The travails of Senator Craig reminded me of a fascinating study I read in 1990 called “Tearoom Trade: A Research Update” by Frederick J. Desroches. It was published in Qualitative Sociology.
It’s a follow-up to Tearoom Trade: Impersonal Sex in Public Places by Laud Humprheys which apparently is a controversial classic from 1970. There are huge ethical issues with that study that seem to have overshadowed the actual content.
Note that “tearoom” is slang for any public space used for anonymous sexual encounters, most notably public restrooms. The author concludes that most of the participants in anonymous “tearoom” sex:
(a) communicate through non-verbal gestures and seldom speak, (b) do not associate outside the tearoom or attempt to learn one another”s identity or exchange biographical information, (c) do not use force or coercion or attempt to involve youths or children, (d) are primarily heterosexual and married, (e) depart separately with the insertor leaving first, (f) commit their sex acts out of sight of the entrance and accidental exposure, (g) do not undress or engage in anal sex, (h) break off sexual contact when someone enters the washroom, (i) rarely approach straight men, (j) read and write sexually explicit homosexual graffiti, and (k) linger inside and outside the washroom for someone to appear. In addition, (l) fellatio is generally not reciprocated and fellators are usually older men; (m) most offenders are neat in appearance; (n) some engage in series and simultaneous encounters; (o) encounters are brief, usually not exceeding twenty minutes; and (p) few have criminal records with the exception of those previously convicted of similar offenses.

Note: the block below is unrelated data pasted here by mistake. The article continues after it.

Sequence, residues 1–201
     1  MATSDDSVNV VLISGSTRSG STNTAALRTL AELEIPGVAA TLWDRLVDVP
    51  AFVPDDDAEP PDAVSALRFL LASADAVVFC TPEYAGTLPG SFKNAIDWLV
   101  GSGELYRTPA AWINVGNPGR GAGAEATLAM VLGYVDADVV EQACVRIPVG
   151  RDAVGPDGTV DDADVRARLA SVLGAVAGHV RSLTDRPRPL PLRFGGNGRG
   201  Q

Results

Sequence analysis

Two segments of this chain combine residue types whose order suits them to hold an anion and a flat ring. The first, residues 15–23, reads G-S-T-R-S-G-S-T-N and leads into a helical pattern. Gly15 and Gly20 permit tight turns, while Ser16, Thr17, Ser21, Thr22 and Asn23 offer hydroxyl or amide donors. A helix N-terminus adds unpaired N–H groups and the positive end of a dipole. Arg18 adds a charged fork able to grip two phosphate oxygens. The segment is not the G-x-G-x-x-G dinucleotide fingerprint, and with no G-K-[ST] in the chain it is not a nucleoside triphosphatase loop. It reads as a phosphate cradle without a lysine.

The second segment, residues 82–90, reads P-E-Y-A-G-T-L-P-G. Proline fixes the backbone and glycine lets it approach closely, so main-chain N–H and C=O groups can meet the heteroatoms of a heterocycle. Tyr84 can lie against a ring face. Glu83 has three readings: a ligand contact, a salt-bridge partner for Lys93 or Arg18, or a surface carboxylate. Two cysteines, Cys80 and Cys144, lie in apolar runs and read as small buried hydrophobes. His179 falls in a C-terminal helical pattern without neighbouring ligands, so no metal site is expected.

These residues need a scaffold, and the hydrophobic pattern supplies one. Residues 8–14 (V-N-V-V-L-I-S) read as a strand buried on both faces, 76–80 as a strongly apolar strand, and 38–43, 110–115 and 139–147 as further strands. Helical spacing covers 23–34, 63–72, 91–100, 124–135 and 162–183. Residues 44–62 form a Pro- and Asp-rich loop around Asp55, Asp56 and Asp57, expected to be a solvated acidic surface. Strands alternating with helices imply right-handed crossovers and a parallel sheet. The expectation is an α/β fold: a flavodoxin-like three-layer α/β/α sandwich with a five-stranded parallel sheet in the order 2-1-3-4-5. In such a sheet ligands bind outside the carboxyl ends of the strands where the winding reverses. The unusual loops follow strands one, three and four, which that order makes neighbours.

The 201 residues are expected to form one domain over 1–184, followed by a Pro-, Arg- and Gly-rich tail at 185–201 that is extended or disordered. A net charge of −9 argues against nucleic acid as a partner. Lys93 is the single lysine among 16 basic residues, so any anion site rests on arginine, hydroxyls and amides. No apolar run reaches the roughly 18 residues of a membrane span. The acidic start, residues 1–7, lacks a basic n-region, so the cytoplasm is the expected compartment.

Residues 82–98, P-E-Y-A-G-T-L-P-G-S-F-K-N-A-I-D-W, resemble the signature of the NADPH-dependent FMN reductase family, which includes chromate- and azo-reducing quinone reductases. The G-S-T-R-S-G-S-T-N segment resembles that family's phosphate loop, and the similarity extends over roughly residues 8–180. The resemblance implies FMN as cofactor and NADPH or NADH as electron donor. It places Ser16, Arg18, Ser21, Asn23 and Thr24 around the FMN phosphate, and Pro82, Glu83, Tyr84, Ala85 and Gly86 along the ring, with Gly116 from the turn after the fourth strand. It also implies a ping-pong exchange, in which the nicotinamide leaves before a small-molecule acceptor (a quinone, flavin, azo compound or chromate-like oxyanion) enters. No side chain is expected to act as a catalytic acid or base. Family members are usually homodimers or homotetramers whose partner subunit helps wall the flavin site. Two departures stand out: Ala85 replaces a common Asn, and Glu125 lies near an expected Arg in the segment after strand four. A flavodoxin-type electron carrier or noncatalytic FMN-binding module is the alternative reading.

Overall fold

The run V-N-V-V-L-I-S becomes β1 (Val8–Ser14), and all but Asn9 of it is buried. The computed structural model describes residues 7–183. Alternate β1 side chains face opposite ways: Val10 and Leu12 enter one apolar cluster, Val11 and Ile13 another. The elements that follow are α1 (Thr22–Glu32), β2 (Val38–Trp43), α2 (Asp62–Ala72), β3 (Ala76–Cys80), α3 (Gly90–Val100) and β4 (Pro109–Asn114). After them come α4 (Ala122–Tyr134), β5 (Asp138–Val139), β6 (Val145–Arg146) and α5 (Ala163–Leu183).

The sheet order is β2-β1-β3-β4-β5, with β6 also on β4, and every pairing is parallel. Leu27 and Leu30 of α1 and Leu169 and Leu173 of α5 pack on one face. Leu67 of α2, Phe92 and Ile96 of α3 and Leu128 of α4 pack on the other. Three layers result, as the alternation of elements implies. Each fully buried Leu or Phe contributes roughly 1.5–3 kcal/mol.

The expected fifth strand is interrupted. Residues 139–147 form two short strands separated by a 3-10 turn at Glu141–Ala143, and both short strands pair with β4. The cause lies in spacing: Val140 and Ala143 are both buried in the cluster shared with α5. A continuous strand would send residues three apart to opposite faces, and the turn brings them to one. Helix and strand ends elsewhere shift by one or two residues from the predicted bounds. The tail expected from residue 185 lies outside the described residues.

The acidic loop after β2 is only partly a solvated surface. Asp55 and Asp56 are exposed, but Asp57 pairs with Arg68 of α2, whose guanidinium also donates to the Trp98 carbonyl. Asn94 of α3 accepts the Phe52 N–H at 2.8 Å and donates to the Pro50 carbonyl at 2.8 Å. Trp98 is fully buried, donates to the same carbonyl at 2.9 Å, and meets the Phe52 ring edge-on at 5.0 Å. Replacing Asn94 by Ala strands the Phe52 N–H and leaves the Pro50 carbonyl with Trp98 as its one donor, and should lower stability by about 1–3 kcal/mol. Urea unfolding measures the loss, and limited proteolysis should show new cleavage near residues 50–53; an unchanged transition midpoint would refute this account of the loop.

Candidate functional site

The behavior of players reveals remarkable consistency over time, from community to community, and across national boundaries. Many men, the majority of them married and primarily heterosexual, continue to visit out-of-the-way public washrooms in search of fast, impersonal, and exciting sex despite the risk to family, friends, job, and reputation. Although shopping malls have usurped public parks as the favorite locale of tearoom participants, the basic rules of the game and profile of the players—as Humphreys contends—remain the same over time and place.
I’ve been slightly nervous in public restrooms ever since, always worried that I’ll accidentally give the secret signal by coughing at the wrong time or whatever.
It’s worth noting the profile of tearoom participants identified by both researchers: hyper-respectable image, a pillar of the community, the “breastplate of righteousness,” married with children.
Sound like anyone you know? It’s a perfect description of Senator Craig.